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INFORMATION AND CHARACTERISTICS.
The world of toothed cetaceans is very vast. It contains large species, small species, unusual animals and beloved animals. The hourglass dolphin is one of the lesser-known dolphins, but it is an interesting one.
The hourglass dolphin is a cetacean rarely seen but described for the first time in 1824 from a drawing made in 1820. By 2010, only six complete specimens and parts of bodies from stranded dolphins had been in research labs. Some people call them by the nickname of “marine cow” because of the similarity of its coloration with the terrestrial cows.
HOW DO THEY LOOK? PHYSICAL CHARACTERISTICS.
The hourglass dolphin has a small, sturdy, plump-looking body. Its dorsal fin is large and curved backward and moderately high while its pectoral fins are broad and hooked in the case of individuals who have recently reached sexual maturity.
Weight and size.
The records of the dolphin’s dimensions are still inconclusive, but they suggest that males may be larger than females. The length of adults is on average 1.8 meters and their weight 90-120 kilograms.
The skin of the dolphin is black and white. The coloring pattern of its skin looks like an hourglass, so from this comes its colloquial name: Hourglass dolphin. The dorsal area is entirely black, but the color is interrupted on the sides of the body, which have a white patch that starts at the head, narrows near the dorsal fin, continues backward and ends near the tail. Under this white part, there is a black band that reaches the pectoral flippers and the caudal fin. The ventral area is white, and the beak is black.
The hourglass dolphin is easy to identify because of its unique hourglass-shaped pattern.
WHERE DO THEY LIVE? DISTRIBUTION AND HABITAT.
This species inhabits southern waters between the latitudes 45° south to 68° south, frequently near the Antarctic convergence. In fact, it is has a circumpolar distribution in the Antarctic region between South America and the Macquarie Island and around the province of Tierra del Fuego. The furthest sighting, in the north, occurred near Chile.
Their habitats are remote to humans. They typically dwell in deep waters and temperatures between -0.3 ° and 13° Celsius. They rarely come to the coasts and occasionally visit shallow waters.
WHAT DO THEY EAT? DIET AND EATING HABITS.
Fish, crustaceans, and cephalopods make up the Lagenorhynchus cruciger diet. If it consumes fish, it prefers lanternfish (myctophids) mainly the species Krefftichtys andersonii. If they consume squid, their favorites are those of the Onychoteuthidae and Enoploteuthidae families. Observations indicate that they like to approach plankton concentrations and partner with seabirds.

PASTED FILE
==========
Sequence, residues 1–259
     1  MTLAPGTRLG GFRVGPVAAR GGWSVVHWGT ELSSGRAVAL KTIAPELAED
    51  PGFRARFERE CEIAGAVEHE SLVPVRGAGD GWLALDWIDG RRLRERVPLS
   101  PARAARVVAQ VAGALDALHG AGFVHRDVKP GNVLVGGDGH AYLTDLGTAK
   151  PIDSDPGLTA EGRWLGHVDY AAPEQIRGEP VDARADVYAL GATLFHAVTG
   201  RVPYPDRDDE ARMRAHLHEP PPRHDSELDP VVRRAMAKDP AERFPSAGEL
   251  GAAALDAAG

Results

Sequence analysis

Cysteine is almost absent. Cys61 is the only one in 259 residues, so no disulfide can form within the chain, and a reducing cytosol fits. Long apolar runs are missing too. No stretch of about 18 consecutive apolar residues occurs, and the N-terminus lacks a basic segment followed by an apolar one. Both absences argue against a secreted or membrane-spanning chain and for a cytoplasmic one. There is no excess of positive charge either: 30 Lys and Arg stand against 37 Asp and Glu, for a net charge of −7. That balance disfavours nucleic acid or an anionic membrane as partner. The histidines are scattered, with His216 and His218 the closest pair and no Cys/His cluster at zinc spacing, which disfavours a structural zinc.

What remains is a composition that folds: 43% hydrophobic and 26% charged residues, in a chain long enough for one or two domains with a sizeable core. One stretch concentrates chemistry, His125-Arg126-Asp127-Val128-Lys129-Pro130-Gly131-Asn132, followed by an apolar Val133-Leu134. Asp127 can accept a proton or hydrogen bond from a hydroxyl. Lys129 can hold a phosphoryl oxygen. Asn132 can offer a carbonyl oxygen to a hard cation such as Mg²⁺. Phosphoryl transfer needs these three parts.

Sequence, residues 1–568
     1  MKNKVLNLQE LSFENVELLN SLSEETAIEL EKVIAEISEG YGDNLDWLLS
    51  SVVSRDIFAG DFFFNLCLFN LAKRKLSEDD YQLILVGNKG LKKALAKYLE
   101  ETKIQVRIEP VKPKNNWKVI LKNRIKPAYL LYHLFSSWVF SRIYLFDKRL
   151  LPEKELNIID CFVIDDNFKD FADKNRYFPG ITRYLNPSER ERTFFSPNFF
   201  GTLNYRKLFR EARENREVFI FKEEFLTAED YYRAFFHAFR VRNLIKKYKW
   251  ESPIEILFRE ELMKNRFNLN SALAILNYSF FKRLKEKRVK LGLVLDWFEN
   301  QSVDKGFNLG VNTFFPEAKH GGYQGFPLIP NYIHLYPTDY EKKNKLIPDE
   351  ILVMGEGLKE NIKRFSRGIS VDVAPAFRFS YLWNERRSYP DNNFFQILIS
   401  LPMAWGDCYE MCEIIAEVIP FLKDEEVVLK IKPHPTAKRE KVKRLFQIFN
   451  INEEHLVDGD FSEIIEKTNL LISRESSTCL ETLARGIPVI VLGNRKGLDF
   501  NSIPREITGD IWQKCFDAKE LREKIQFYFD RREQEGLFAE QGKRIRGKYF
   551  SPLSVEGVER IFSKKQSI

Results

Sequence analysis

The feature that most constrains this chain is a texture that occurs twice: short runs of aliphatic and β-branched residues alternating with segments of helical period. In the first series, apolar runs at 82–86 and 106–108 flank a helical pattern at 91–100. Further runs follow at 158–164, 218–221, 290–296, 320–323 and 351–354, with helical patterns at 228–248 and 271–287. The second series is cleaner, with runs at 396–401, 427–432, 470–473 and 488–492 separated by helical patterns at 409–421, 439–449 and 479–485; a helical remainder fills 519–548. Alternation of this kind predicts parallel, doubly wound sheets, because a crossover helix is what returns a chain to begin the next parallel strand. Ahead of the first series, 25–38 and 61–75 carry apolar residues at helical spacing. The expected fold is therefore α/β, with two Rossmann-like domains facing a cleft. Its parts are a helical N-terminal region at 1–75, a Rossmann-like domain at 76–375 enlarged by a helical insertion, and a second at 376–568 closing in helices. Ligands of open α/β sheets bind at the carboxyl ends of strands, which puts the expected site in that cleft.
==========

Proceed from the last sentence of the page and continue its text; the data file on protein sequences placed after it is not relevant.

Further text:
It uses its sense of echolocation to detect prey. To do it, these dolphins emit acuter sounds than those of other species of dolphins, especially clicks, so that they can find prey from farther distances.
HOW DO THEY BEHAVE? BEHAVIOR
It is a social dolphin although its pods have few members: usually, they do not exceed 6 or 8 members, still sometimes they form groups of about 60 individuals. It associates with other cetaceans such as the fin whale (Balaenoptera physalus), the Minke whale (Balaenoptera acutorostrata) and the Southern bottlenose whale (Planifrons Hyperoodon).
The hourglass dolphin swims at a speed of 22 kilometers per hour and is an energetic acrobat of the seas. It is very curious and is not afraid to approach boats, that is why they usually ride the bow waves of boats and jump out of the water enthusiastically.
During the summer months, it is frequent to see hourglass dolphins in the waters of the south. Therefore it probably makes seasonal migrations following the cold currents.
HOW DO THEY REPRODUCE? MATING AND REPRODUCTION.
Based on the reproductive processes of other species closely related to the hourglass dolphin and some observations, information about their breeding habits is known.
The age at which they reach sexual maturity is still unknown. Most births occur between August and October, the months corresponding to the Antarctic winter. The gestation period is about 12-18 months, and at birth, the calf is approximately 90-125 centimeters long.
Breastfeeding can last up to 2 or 2 ½ years, as in other dolphins.
WHAT IS THEIR CONSERVATION STATUS? THREATS AND CONSERVATION.
Conservation Status: “Least Concern.”
It is one of the few species of cetaceans that is not vulnerable because of human activities, and this is thanks to the location of its habitat far from civilization. However, their biggest anthropogenic threat could be global warming.
It is likely that the populations of this dolphin are almost intact since they have never been under a systematic hunting as most cetacean species.
For some conservation organizations, this panorama does not mean that they do not need protection, therefore CITES (Convention on International Trade in Endangered Species of Wild Fauna and Flora) has included it in Appendix II of species whose trade must be under supervision. Their conservation status in the Red List of the International Union for the Conservation of Nature is “Least Concern.”